March 13, 2021 - 3:08 pm Reply
    • Leighton

      Glad you liked the story, if not the idea of being emotionally invested in a football team. Just remember us football fans are not all fanatics. Well, I think I may have been a little during my teenage years 😉

      March 13, 2021 - 3:19 pm Reply
      • Lookoom

        Thanks for being honest 🙂

        March 13, 2021 - 3:42 pm
  • Alhaji

    as impressing as the new stadium is I really miss the old khalifa. thanks for bringing it back

    March 13, 2021 - 3:49 pm Reply
    • Leighton

      Glad you could identify with the story! Thanks for reading and hope you enjoy the other chapters.

      March 13, 2021 - 4:24 pm Reply
  • Memo

    You are a true football fan – able to find excitement and entertainment in a less than stellar team. I was expecting more of the play by play on at least one of the goals but the play by play in the stands probably told more about the overall experience. The two Qatari men rally complete the story. Very enjoyable.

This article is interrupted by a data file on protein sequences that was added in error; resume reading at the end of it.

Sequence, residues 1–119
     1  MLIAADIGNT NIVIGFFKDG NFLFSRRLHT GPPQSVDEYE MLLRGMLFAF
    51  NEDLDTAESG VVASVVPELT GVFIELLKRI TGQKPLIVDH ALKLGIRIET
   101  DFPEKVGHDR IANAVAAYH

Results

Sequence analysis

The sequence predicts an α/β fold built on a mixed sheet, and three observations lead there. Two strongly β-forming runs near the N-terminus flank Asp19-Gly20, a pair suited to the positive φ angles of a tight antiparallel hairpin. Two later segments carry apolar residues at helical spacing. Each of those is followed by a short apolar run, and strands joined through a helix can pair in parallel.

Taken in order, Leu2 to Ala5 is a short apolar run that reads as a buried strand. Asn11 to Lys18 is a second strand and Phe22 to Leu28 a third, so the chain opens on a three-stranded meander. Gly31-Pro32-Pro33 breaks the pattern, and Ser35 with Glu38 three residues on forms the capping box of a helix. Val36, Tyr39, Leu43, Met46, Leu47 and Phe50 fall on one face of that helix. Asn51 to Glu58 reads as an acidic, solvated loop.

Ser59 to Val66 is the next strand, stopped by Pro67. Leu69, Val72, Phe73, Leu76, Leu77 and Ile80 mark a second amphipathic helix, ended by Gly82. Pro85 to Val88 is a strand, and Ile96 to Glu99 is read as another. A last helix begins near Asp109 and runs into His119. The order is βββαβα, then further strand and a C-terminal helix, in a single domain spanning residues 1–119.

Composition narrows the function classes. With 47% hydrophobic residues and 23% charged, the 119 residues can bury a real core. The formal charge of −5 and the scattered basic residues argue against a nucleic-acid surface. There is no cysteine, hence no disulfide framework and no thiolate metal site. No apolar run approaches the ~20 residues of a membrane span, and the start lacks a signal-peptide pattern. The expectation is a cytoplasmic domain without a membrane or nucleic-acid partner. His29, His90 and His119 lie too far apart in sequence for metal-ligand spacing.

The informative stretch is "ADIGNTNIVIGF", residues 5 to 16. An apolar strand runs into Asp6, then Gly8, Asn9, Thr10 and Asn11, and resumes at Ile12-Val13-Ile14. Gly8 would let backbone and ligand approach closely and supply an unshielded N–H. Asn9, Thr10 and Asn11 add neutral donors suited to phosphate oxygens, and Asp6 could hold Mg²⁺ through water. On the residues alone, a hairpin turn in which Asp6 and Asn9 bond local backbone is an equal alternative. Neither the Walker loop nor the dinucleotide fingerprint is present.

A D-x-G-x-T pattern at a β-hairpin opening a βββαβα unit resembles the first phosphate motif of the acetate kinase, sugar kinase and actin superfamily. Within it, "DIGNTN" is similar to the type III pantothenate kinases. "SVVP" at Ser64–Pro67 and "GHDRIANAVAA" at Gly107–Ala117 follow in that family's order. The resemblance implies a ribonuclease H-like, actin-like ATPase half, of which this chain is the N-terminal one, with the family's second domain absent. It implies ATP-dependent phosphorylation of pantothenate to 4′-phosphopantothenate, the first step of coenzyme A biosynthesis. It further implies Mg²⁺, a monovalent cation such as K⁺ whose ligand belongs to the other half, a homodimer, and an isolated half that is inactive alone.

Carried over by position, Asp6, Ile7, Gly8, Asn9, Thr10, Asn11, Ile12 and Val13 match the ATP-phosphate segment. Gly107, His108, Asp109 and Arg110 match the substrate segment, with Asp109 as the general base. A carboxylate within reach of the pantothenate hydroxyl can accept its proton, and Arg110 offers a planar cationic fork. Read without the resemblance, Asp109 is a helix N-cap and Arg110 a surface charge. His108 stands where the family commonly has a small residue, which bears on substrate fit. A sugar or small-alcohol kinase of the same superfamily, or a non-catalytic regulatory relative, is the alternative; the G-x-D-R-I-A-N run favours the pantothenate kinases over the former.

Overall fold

March 13, 2021 - 4:59 pm Reply
    • Leighton

      Appreciate that Memo. I was wondering how this story would come across, as it’s probably the least relatable of the collection. Being the only foreigners in the crowd was a special experience that’ll always stay with me.

      March 13, 2021 - 9:34 pm Reply
  • Little Miss Traveller

    When I was last in Qatar about 18 months ago we toured some of the World Cup venues that had just been constructed. Perhaps you’ll get an opportunity to see them for yourself before too long Leighton.

    March 13, 2021 - 5:41 pm Reply
    • Leighton

      Oh that sounds like a great experience! Were you suitably wowed? Or, with the dubious human rights stories attached to these projects, did you feel a little uneasy? I really would love to see them at some point, but I guess it’s going to have to be post 2022.

      March 13, 2021 - 5:45 pm Reply
  • Rebecca